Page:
In the fictional Chinese city of Yong'an, an amateur cryptozoologist is tasked with uncovering the stories of its fabled beasts, which draws her deep within a mystery that threatens her very sense of self.
The narrator, a cryptozoologist, author and newspaper columnist with a fondness for cigarettes, booze and high jinks, is the book’s strength. Her wry, melancholy voice and bottomless curiosity imbue it with wonder and rumination ... The atmosphere of Strange Beasts of China is delightful. Through the narrator’s futile quest to catalog beasts, Yan captures the fluidness of city life, the way urban space defies definition even for people hellbent on making sense of it. There’s no bedrock to Yong’an’s riddles, so the narrator is constantly revising her understanding of the beasts and herself. Human and beast exist in constant flux, clashing, merging and splintering with tectonic regularity ... Regrettably, the book does not build on that friction. By hewing so closely to the taxonomic framework of the bestiary and treating each chapter as a distinct case study, Yan introduces repetitive narrative beats, such as the narrator going to her favorite bar to chase leads or calling her former zoology professor for advice. These repetitions probably wouldn’t stand out in a story collection, but in a novel they are redundant; the narrator seems to reset every chapter. The book’s symmetrical structure also highlights the lack of interactions among the different beast communities, which are hermetically sealed off from one another despite frequent mentions of their ubiquity. Yan invokes the creatures’ strangeness without probing their existence; we are rarely privy to beasts’ perspectives on themselves, their fellow beasts or humanity. Although Yong’an brims with mood and mystique, it lacks culture.
As she excavates the dark, often tragic histories of these beasts, a profound ecological parable begins to emerge from the bones and jagged skin of these creatures, albeit one that offers no easy morals. What appears to be a postmodern series of fantastic fables morphs into something more unexpected, expertly crafted by Yan Ge: an obscure mediation on the wildness of everyday existence, an evocative, bizarre consideration of the fragile boundaries between the self and the world beyond.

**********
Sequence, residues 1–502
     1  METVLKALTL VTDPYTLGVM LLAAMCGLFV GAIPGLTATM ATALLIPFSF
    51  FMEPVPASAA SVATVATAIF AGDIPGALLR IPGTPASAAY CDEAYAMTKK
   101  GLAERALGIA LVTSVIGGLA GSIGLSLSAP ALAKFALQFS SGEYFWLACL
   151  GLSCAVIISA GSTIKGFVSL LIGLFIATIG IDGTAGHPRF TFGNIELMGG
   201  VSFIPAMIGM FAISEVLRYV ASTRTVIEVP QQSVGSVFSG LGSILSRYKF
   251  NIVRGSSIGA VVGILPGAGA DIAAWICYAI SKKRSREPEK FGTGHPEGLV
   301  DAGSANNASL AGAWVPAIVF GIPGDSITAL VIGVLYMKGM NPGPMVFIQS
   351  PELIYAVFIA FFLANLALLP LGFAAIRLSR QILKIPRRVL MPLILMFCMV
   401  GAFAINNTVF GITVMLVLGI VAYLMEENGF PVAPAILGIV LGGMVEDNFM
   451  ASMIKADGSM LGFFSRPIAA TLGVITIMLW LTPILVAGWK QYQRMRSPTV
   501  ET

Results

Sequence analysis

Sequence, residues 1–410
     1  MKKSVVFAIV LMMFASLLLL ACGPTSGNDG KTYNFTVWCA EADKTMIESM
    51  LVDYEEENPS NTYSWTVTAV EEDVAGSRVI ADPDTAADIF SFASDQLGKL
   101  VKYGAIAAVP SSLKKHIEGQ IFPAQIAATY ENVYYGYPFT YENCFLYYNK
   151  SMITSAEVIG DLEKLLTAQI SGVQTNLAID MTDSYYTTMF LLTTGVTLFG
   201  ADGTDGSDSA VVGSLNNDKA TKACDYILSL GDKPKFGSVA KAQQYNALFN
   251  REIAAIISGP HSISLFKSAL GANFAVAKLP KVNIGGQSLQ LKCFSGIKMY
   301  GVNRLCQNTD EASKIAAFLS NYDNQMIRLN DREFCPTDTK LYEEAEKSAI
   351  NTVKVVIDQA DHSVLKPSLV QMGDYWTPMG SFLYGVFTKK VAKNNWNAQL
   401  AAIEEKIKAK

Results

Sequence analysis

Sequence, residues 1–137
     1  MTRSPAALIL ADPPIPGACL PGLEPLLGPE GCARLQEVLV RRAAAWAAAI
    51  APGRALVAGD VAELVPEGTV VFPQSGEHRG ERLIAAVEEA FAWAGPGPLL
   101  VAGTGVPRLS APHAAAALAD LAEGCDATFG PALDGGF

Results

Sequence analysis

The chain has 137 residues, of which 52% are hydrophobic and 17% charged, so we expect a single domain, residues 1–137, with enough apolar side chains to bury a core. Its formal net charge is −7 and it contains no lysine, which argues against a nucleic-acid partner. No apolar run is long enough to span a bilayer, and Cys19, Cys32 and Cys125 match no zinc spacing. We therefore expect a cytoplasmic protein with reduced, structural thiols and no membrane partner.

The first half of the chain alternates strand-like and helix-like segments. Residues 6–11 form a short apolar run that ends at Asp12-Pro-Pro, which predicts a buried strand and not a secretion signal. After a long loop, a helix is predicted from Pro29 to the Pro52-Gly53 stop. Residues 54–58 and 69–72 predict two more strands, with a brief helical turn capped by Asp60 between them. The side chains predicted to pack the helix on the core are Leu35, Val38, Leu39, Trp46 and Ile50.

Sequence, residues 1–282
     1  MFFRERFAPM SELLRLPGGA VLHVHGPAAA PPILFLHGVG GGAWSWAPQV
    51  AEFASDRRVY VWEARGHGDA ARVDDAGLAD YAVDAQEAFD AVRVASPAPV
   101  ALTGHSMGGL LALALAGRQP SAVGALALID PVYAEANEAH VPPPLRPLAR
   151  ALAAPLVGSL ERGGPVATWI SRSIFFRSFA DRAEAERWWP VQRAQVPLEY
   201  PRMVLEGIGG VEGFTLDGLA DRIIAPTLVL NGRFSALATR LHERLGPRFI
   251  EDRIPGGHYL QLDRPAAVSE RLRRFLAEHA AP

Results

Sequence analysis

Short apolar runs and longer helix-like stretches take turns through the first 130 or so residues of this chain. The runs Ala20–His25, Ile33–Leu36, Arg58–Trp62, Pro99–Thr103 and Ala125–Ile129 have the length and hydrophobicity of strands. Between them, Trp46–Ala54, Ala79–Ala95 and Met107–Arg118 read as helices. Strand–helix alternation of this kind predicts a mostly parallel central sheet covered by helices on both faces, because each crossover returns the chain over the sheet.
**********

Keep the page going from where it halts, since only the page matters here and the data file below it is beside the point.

You’ll have a decision to make when you start reading Yan Ge’s Strange Beasts of China. Will you willpower yourself to one story a night and savor each paragraph, immersing deeply in an alternate world? Or will you forego sleep and race through, riding the momentum of breathtaking inventions and repetitions that strike deeply into the core of what it is to be human? ... The multiple temporalities of the different species offer a heady reading experience, which is anchored by the details Yan Ge metes out, another sign of her assured storytelling ... readers are immediately engaged on a personal level, regardless of whether or not they like or fear or hate the same things ... Even as our protagonist is tumbled about like a new leaf in a sudden squall, the real storyteller, Yan Ge, is in precise control of the narrative, especially necessary if we are to reside and believe in this world. In her delicate and powerful hands, readers will not want to leave ... One could term these stories Scheherazadean, but that doesn’t do them nor their author, justice. Yan Ge—who writes in Sichuanese, Mandarin and English—and her talented translator Jeremy Tiang have created a mesmerizing experience that speaks to both our wonder at 'once upon a times' as well as our deepest examinations of what is beastly and humane in our world and ourselves ... With Yan Ge’s poetic prose and limitless imagination, this would have been a satisfying novel even if it were solely a series of exquisite tales and allegories, but her scope and talent arrow far beyond such boundaries ... It’s a more beautiful world because of these remarkable, unforgettable stories. That I’m sure of. That I know.